Naloxone is an easy-to-use, lifesaving medication that can reverse the effects of overdose from heroin or other opioids, including morphine, methadone, codeine, and other drugs derived from the poppy plant.
A safe medicine with no abuse potential, naloxone is an opioid antagonist, which means it ejects heroin and other opioids from receptors in the brain, reversing the respiratory depression caused by an overdose of these drugs. Naloxone has been used for decades in medical settings, and is included in the World Health Organizations' List of Essential Medications. Side effects beyond opioid withdrawal are rare, and the medication works within two to eight minutes to restore breathing – returning the victim to consciousness.
Why Use Naloxone?
An opioid overdose is a very serious condition. It may cause death or severe brain, heart or lung damage. However, drug users or others at the scene of an overdose are often very reluctant to call for emergency assistance because they fear police will accompany the ambulance, and arrest them for drug possession or use. Even if they are called, emergency personnel may not respond if the location is known as a place where people use drugs. For all of these reasons, it is critically important to ensure naloxone is available at the scene of an overdose.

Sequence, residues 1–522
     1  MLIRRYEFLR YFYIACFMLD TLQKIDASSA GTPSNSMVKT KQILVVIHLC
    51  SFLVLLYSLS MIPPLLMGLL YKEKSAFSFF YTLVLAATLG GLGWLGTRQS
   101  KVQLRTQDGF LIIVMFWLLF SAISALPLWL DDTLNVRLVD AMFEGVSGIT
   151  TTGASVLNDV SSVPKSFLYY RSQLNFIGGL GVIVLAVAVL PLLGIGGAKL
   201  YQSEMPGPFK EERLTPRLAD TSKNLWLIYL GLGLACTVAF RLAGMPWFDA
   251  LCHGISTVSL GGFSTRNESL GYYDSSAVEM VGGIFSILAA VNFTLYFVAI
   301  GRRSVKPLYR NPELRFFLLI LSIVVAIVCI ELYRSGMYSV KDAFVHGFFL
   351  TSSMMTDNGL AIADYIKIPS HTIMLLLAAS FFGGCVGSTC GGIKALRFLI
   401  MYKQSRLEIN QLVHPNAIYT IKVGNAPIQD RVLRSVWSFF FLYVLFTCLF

Why Give Naloxone to Drug Users?
Similar to using an epi-pen for an allergic reaction, a layperson can administer naloxone intramuscularly (into the arm or leg, with a syringe), or intranasally (spraying with an atomizer up the nose) with brief and basic training. Equipping drug users with naloxone and training them to use it can ensure that overdose victims get the help they need, at the moment they need it.
This article was taken from naloxoneinfo.org.